Preprint, non–peer-reviewed studies rose in visibility dramatically during the COVID-19 pandemic, as scientists around the global tried to decipher and describe the novel coronavirus. An analysis yesterday in JAMA shows that preprint study abstracts were more incomplete and more prone to “spin”—or deceptive persuasion—in the preprint stage compared with published study that followed.
As previous research has noted, clinicians made treatment decisions during the first 2 years of the pandemic in part based on findings in preprints. Preprints also become a tool on social media for scientists to disseminate information quickly about new findings pertaining to COVID-19.
The current work assessed how different the preliminary abstracts were from their published versions, and it found that the former often lacked completeness, with only 52% of preprint abstracts presenting a clear objective or hypothesis.
Blind analysis used
Researchers presented reviewers with blinded abstracts formatted in identical Word documents of all COVID-19 randomized control trial (RCT) preprints posted to medRxiv from January 1, 2022, to December 31, 2021, and those of matching published studies.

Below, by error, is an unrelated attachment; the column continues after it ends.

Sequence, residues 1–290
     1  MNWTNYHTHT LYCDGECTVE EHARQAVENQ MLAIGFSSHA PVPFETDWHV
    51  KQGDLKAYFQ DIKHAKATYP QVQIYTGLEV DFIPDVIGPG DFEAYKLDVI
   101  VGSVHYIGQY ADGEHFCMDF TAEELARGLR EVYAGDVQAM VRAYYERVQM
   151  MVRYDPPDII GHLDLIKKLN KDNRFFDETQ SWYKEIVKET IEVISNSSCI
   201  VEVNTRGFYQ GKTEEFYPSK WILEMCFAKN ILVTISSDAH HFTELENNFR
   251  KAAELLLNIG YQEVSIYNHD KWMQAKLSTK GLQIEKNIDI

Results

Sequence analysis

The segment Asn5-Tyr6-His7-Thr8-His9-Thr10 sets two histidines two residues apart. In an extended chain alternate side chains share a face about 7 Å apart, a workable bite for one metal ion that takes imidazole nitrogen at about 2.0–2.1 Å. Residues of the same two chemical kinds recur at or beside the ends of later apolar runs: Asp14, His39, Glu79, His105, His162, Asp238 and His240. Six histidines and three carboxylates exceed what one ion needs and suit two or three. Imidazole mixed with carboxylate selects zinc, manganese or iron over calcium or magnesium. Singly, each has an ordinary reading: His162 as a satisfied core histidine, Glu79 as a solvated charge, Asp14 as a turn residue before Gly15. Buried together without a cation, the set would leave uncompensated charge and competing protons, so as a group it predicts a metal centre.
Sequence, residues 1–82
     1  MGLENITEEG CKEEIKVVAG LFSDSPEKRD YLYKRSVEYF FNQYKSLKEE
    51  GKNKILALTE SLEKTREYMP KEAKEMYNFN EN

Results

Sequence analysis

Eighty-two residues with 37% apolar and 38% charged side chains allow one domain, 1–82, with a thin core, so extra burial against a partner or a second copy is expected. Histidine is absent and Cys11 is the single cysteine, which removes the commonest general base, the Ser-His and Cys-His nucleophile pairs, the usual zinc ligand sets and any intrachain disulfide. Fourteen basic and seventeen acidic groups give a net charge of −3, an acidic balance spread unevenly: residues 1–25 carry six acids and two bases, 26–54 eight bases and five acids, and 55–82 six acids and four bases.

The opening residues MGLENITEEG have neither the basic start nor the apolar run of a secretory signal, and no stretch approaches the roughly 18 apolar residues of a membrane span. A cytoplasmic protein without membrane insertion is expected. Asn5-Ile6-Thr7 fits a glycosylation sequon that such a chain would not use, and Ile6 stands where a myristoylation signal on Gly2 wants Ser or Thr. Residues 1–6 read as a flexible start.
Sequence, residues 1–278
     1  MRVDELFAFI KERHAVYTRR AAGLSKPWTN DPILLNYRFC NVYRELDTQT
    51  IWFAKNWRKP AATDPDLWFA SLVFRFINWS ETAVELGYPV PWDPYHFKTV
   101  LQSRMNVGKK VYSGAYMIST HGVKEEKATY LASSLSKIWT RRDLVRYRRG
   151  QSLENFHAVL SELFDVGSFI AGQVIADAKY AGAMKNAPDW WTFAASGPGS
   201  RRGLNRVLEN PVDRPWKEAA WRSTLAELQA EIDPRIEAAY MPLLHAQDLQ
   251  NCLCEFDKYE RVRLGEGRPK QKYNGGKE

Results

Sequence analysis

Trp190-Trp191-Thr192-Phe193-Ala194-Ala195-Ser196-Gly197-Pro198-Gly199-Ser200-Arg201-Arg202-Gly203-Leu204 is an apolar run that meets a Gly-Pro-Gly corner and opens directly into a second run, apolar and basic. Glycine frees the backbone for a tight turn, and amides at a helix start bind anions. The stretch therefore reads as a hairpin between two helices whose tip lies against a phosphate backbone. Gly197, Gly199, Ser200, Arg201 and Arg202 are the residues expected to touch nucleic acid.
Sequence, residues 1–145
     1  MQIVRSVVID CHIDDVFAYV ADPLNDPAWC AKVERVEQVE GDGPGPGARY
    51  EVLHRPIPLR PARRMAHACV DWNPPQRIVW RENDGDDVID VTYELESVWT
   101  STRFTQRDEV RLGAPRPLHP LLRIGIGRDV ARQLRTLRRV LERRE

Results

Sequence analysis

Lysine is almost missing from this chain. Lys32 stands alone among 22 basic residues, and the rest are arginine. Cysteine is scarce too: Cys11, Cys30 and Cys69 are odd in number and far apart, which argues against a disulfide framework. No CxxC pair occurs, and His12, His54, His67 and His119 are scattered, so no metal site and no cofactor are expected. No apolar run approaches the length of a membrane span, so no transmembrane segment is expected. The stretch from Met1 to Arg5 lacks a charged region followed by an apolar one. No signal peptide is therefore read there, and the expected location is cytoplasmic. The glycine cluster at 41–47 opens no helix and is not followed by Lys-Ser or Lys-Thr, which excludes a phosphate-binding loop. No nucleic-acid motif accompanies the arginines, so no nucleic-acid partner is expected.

Of 236 RCT preprints, 182 (77.1%) had published counterparts, with a median time to publication of 134 days.
Completeness scores were assigned based on the Standards of Reporting Trials criteria, and reviewers developed scores to measure spin, which included items such as “statistically significant secondary outcomes emphasized in a negative study” and “claims extend beyond target population of the trial.”
Only 30% of preprints included primary results
The greatest difference between preprints and published studies was in the inclusion of results for the primary outcome. That information was present in only 30.7% of unpublished preprint abstracts, 53.4% of published preprint abstracts, and 57.8% of published counterparts.
Two thirds (65.3%) of preprints had spin in the conclusion section, compared with 41.3% in published preprint abstracts and 34.7% in published abstracts.
Finally 20%, or one in five preprints, remained unpublished within 12 months, and these preprint abstracts were the most incomplete and had the most spin.
The data demonstrate that a gap exists between preprint abstracts eventually published and those that remain unpublished in terms of completeness and spin, potentially indicating selection for desirable qualities in the journal review process
“The data demonstrate that a gap exists between preprint abstracts eventually published and those that remain unpublished in terms of completeness and spin, potentially indicating selection for desirable qualities in the journal review process,” the authors concluded.